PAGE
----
Pictures of today’s harvest here.
NOTE: Cousin John came up with the punny title of today’s post. And he said I could use it. No charge.
Must have ben that dog saliva that threw your numbers off! They were out ther licking those grapes, doing their own testing…Cousin John might appreciate THAT method! (I’m liking Cousin John…) PS I’m curious as to what kind of wages and benefits you provide for your grape pickers? How does that work with them working for so many different wineries?
A few of the largest wineries have full time on-staff crew. Most rely on seasonal labor. Much of that labor is here on special short-time agricultural visas — which allows them to be paid less than minimum wage and without benefits. (Without those visas and conditions, American agriculture would collapse or we’d pay 4 times as much for food.) These workers go from site to site finding day work. We have a contract with a local vineyard manager who comes out about four times a year to inspect, trim and do any maintenance needed on the vines. Although they have year ’round staff, they’ve got relationships with a core group of seasonal workers going back 20 years, so they can pull together large seasonal picking crews for some of their bigger clients (including Benziger and B.R. Cohn). For a client as small as we are, she just offers the work to any of her seasonal workers who want to do it before a “real” job or during lunch hour as an extra earner. Since the standard rate of pay is “by the ton”, a small job like ours has to pay what is considered a premium by-the-hour rate. They earn every dollar of it.
Sonoma County is one of the few agricultural areas I know of that really understands that our economy is built on the backs of these workers. One of our most well funded charities is the La Luz Center which hosts clean, well appointed temporary housing, legal help, English lessons and general outreach and services to our migrant workers.
I always laugh when I hear people screaming about “Mexicans coming to take our jobs”. Those that I come in contact with (who are here legally, by the way) work harder than anyone I know at jobs no Americans will do. I’m sure I would have heard about it if groups of unemployed White people were banging on the gates of local wineries and farms demanding to be given ag jobs.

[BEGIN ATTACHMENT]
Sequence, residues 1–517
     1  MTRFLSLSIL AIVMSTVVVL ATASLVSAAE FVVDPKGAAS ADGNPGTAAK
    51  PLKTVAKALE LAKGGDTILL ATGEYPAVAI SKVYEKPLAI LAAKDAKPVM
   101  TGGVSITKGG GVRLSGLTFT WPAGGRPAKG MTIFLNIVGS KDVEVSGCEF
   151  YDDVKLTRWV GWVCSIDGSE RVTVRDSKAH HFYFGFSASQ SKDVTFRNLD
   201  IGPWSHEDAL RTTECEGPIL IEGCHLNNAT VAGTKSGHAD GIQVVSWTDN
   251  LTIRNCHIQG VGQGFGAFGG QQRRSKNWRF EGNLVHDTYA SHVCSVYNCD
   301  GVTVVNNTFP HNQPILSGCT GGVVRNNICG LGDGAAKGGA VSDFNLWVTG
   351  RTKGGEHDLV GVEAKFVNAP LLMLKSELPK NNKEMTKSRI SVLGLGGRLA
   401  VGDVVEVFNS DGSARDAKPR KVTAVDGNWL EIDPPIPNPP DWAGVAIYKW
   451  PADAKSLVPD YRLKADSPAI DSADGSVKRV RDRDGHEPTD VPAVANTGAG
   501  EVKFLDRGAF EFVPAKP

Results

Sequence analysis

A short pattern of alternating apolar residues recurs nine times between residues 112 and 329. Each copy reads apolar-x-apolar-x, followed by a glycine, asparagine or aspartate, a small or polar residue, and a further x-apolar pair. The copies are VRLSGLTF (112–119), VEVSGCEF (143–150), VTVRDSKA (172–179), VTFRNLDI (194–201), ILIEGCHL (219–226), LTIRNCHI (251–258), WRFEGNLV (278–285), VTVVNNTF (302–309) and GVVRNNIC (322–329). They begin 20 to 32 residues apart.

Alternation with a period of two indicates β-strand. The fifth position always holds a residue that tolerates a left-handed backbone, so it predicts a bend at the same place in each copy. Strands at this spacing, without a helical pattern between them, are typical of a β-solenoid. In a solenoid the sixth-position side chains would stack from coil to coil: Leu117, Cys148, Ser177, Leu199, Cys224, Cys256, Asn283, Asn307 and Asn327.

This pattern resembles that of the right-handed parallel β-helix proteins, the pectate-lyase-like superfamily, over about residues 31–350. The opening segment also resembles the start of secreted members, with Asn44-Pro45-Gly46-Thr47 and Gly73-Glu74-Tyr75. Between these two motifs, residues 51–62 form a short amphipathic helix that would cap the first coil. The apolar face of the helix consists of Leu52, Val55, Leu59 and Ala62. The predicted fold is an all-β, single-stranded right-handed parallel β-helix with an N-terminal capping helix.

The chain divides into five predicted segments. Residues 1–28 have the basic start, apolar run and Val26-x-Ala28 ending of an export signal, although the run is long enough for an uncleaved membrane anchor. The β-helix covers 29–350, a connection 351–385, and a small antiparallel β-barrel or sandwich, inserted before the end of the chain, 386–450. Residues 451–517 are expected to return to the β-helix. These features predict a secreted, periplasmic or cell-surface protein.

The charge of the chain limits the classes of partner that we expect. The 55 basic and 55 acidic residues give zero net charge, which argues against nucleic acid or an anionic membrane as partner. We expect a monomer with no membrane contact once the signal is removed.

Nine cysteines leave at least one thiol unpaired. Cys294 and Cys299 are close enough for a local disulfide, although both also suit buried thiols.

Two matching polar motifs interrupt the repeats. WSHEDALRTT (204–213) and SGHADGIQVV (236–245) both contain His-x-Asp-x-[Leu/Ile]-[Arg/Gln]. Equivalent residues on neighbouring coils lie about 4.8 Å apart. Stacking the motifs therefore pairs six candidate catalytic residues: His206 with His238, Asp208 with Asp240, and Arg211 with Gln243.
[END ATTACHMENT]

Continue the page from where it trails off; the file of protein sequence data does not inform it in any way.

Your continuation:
Great news on the grenache. Cousin John is an interesting person who could drive one around the bend on occasion. I have friends like that. Never underestimate the lengths to which they might go to prove a point! Winemaking tips from tapestries. Of course.
Reminds me of the wine issues with Galileo’s stock while he was suffering his most unfortunate, although hospitable,incarceration.
I must try to replace one of my favorite cries of exclamation/disbelief of “Jesus, Mary, and Joseph” to that of “Jesus, Juan, and Noe”! Those dudes got it on.
Whew what a lot of work
My colleagues were stunned when I stepped in as dishwaasher last Saturday. It’s another hard job that no white American would ever take. It’s also cool that Sonomans understand the value of the work these people do.
How long before you can judge the fruits of all this labor and is there anyway I can help with that?
This is fascinating. All’s well that ends well – and how fortuitous to be able to hire such able bodied helpers to save you for more important physical tasks like blogging 😉
Well, that turned out all right. Now I’m waiting, fascinated, to see how the wine turns out. What an impressive amount of work, too.
When I worked at a garden nursery I could lift a few large water logged of bark before back pain. The Mexican staff members could do the same work all day long and never complained. Your wine story is really interesting. Never knew so much labor was involved to create delicious wine.
I am always amazed at how much hard work goes into a vineyard and wine-making operation. Weather can be heart-breaking and the work is definitely difficult.
I imagine you give your hired workers great respect.